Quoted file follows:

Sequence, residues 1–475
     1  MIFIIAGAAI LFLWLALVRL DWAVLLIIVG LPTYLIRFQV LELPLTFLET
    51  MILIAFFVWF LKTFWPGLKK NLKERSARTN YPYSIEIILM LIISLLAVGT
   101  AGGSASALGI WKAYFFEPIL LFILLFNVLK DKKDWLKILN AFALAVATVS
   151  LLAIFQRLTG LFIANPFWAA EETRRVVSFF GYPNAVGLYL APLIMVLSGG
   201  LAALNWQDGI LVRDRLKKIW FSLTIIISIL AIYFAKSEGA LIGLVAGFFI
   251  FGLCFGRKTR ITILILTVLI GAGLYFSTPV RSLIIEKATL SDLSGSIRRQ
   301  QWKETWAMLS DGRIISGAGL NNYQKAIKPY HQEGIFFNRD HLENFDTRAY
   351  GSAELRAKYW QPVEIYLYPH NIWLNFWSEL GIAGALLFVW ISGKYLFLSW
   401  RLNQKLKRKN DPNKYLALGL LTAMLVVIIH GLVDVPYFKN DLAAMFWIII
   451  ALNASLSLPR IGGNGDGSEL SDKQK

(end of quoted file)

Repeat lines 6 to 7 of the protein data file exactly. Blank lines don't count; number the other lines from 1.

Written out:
   201  LAALNWQDGI LVRDRLKKIW FSLTIIISIL AIYFAKSEGA LIGLVAGFFI
   251  FGLCFGRKTR ITILILTVLI GAGLYFSTPV RSLIIEKATL SDLSGSIRRQ